Gade v. National Solid Wastes Management Assn., 505 U.S. 88, 24 (1992)

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88

OCTOBER TERM, 1991

Syllabus

GADE, DIRECTOR, ILLINOIS ENVIRONMENTAL PROTECTION AGENCY v. NATIONAL SOLID WASTES MANAGEMENT ASSOCIATION

certiorari to the united states court of appeals for the seventh circuit

No. 90-1676. Argued March 23, 1992—Decided June 18, 1992

Pursuant to authority contained in the Occupational Safety and Health

Act of 1970 (OSH Act or Act), the Occupational Safety and Health Administration (OSHA) promulgated regulations implementing a requirement of the Superfund Amendments and Reauthorization Act of 1986 (SARA) that standards be set for the initial and routine training of workers who handle hazardous wastes. Subsequently, Illinois enacted two acts requiring the licensing of workers at certain hazardous waste facilities. Each state act has the dual purpose of protecting workers and the general public and requires workers to meet specified training and examination requirements. Claiming, among other things, that the acts were pre-empted by the OSH Act and OSHA regulations, respondent, an association of businesses involved in, inter alia, hazardous waste management, sought injunctive relief against petitioner Gade's predecessor as director of the state environmental protection agency to prevent enforcement of the state acts. The District Court held that the state acts were not pre-empted because they protected public safety in addition to promoting job safety, but it invalidated some provisions of the acts. The Court of Appeals affirmed in part and reversed in part, holding that the OSH Act pre-empts all state law that "constitutes, in a direct, clear and substantial way, regulation of worker health and safety," unless the Secretary of Labor has explicitly approved the law pursuant to 18 of the OSH Act. In remanding, the court did not consider which, if any, of the provisions would be pre-empted.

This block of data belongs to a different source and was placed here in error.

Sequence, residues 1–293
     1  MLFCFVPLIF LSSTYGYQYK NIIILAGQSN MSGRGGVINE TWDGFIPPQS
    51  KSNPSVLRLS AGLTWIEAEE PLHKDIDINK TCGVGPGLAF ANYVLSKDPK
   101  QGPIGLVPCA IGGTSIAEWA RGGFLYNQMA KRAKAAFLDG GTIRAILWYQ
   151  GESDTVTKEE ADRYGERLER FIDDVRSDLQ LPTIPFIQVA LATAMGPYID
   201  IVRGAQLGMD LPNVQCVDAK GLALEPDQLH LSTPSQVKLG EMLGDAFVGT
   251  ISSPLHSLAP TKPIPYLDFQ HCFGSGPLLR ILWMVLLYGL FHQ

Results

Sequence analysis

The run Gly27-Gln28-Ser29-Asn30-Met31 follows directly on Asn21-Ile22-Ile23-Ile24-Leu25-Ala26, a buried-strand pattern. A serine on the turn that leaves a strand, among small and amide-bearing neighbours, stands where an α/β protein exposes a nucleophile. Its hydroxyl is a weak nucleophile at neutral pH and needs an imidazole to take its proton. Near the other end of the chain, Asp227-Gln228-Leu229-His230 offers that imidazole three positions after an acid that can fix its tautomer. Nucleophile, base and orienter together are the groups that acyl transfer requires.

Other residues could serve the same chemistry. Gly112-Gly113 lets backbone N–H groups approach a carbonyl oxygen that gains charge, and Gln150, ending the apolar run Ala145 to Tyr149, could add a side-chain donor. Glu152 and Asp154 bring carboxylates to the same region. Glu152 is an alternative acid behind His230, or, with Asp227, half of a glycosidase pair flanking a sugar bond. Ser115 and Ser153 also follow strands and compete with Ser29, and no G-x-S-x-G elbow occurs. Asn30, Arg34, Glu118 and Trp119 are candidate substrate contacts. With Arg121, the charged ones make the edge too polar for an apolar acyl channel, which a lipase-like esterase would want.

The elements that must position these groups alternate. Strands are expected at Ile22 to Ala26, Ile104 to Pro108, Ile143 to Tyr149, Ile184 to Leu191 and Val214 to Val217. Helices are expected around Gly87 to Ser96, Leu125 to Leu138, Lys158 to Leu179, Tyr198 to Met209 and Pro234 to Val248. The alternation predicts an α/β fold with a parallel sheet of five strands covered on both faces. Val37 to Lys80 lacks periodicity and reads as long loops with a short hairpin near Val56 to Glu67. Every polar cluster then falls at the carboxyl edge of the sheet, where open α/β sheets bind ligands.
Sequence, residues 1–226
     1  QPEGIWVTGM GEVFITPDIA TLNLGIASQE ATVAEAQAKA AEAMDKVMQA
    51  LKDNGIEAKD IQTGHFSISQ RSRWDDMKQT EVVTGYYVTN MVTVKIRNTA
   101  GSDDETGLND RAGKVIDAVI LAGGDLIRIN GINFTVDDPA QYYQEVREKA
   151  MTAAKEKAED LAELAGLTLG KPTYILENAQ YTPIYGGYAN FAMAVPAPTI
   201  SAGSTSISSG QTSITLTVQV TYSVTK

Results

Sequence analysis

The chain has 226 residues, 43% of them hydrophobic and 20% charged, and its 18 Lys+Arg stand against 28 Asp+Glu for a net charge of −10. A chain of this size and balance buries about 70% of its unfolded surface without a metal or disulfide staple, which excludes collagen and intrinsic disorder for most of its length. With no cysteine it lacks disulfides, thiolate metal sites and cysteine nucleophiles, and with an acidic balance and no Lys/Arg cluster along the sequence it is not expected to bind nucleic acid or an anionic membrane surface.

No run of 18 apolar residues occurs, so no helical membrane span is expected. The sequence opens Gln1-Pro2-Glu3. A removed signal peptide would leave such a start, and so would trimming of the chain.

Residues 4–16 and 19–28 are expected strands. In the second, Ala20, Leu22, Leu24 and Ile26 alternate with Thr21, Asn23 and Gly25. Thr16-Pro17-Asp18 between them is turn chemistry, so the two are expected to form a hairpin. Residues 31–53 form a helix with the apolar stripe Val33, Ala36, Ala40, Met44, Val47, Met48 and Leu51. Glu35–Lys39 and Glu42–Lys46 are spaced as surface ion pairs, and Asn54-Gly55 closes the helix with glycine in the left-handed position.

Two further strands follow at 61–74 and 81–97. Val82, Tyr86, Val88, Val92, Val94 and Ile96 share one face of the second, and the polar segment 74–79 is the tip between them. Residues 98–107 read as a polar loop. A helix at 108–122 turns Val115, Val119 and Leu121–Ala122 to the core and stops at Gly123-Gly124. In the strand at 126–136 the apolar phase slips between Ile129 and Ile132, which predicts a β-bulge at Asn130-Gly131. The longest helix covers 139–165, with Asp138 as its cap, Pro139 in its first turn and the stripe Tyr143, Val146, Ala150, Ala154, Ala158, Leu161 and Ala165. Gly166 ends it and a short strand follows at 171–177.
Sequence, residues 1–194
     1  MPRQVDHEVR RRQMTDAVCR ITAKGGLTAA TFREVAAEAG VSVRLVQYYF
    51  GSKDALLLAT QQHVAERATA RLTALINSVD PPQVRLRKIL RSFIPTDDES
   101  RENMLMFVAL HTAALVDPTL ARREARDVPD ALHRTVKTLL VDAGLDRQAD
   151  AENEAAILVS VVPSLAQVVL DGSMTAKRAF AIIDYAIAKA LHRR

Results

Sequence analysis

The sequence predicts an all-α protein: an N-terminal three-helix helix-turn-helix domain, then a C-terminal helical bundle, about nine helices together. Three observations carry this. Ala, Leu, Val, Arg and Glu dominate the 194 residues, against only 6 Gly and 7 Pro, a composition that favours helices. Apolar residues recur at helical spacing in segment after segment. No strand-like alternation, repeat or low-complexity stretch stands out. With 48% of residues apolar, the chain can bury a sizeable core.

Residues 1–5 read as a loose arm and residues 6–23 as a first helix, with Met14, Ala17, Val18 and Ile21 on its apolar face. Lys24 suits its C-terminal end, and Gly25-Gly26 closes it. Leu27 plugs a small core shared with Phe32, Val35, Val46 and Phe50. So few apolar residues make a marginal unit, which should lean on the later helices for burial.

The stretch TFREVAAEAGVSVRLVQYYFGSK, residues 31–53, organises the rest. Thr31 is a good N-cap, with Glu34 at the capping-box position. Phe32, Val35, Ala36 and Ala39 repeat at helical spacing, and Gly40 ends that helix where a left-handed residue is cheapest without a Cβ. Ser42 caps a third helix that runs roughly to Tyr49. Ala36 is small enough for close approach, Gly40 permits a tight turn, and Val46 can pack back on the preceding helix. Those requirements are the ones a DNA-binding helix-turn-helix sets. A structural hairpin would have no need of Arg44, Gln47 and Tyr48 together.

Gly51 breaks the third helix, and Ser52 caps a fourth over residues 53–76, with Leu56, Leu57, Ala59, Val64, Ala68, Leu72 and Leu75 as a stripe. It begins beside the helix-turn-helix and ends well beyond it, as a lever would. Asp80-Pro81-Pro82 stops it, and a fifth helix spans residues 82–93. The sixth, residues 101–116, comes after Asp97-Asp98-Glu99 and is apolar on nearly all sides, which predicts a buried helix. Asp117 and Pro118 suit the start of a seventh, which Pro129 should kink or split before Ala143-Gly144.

Held: The judgment is affirmed.

918 F. 2d 671, affirmed.

Justice O'Connor delivered the opinion of the Court with respect to Parts I, III, and IV, concluding that: 1. A state law requirement that directly, substantially, and specifically regulates occupational safety and health is an occupational safety and health standard within the meaning of the OSH Act regardless of whether it has another, nonoccupational purpose. In assessing a state law's impact on the federal scheme, this Court has refused to rely solely

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